CXO

Can an autocratic leadership style work?

The prevailing wisdom among those who speak of leadership techniques is that one should coach employees rather than manage them. The autocratic approach to leadership seems outdated. But is there a still a place for the one-way leadership model?

The prevailing wisdom among those who speak of leadership techniques is that one should coach employees rather than manage them. The autocratic approach to leadership seems outdated. But is there a still a place for the one-way leadership model?

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One would be hard-pressed these days to find a white paper or blog post that exalts an old-fashioned autocratic leadership style. This is a leadership style in which the manager retains as much power and decision-making authority as possible. Under that leadership, employees are not consulted, nor are they allowed to give any input. Employees are motivated through a structured set of rewards and punishments.

What you'll find in the place of advice about that leadership style are multitudes of philosophic musings about coaching techniques, empowering employees, working with employees to establish goals, and developing employee growth plans.

I will agree that the latter style is preferable in most every case. However, I will also contend that an autocratic leadership style can be successful in the right circumstances.

What I've come to discover in my years of management is that there are some people who are not comfortable with strategizing or being consulted about work goals. Those people just want to be given a set of goals and a clear-cut expectation of what will happen if the goals are, or are not, met. Some people prefer to take care of the details and leave the big picture stuff to others. And there's nothing wrong with that. Unless, of course, you push a details person into the receiving end of the democratic leadership model. You start asking that person to weigh in on complex problems and high-level decisions, or to take on strategic initiatives, and you could be asking for trouble. People who are good with details can sometimes paralyze a strategic initiative while they're crossing all the T's and dotting all the I's.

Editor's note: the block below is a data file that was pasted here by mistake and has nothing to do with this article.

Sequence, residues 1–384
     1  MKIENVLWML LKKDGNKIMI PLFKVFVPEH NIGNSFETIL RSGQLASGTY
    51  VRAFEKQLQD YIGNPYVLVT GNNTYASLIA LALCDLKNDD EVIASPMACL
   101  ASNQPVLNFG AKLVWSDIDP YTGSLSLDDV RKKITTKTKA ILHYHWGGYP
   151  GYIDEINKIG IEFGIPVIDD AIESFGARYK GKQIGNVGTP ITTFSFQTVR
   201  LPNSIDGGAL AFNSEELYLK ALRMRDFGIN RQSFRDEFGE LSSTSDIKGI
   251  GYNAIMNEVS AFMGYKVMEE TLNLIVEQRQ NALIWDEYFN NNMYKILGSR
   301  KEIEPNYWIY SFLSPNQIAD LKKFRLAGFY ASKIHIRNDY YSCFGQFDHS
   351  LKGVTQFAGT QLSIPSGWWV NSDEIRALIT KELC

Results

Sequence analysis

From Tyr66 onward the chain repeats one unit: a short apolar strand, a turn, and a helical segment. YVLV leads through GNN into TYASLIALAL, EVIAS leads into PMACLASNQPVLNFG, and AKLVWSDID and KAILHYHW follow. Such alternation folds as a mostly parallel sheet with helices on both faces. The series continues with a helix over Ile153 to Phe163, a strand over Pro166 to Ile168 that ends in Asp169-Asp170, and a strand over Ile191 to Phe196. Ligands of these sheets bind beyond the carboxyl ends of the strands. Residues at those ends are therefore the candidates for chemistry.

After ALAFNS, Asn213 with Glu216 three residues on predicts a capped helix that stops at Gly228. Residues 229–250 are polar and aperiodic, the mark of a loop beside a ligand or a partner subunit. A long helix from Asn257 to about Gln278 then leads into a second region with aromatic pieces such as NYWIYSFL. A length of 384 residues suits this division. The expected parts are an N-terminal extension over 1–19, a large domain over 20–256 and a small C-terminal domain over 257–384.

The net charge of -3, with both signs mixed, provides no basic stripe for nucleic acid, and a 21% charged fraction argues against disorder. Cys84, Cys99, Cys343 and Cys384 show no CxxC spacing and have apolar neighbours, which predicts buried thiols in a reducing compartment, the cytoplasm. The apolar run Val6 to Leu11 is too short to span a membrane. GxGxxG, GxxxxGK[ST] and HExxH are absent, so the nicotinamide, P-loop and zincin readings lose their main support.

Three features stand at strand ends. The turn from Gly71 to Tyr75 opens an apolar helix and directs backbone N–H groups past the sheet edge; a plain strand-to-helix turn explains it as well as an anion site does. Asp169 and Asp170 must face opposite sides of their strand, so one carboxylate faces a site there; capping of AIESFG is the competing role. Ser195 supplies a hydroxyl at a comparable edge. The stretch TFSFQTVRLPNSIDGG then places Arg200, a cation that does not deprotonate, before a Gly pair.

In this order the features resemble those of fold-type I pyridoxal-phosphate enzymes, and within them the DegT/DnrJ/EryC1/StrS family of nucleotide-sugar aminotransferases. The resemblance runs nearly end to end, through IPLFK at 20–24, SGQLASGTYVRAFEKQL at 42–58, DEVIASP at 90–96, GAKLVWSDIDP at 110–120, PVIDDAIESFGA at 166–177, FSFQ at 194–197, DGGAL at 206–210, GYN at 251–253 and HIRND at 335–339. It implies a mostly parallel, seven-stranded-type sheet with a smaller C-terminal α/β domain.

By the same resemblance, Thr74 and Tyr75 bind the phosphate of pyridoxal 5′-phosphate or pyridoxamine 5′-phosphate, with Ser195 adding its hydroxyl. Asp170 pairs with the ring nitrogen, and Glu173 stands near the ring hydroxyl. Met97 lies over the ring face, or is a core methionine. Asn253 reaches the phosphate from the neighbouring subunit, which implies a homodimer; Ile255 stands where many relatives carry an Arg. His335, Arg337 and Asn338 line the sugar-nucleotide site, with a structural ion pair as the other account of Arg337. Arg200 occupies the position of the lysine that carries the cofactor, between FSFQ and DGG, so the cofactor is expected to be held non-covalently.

On the other hand, many people flourish under a democratic leadership style (and I'm not talking politics, so put away your poison pens). Those people, however, could be focused so broadly that the undetected or undealt with details could derail the final outcome of a project.

Each situation is different and all the people on your staff differ from each other. You just have to be prepared to manager differently.

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Toni Bowers is Managing Editor of TechRepublic and is the award-winning blogger of the Career Management blog. She has edited newsletters, books, and web sites pertaining to software, IT career, and IT management issues.

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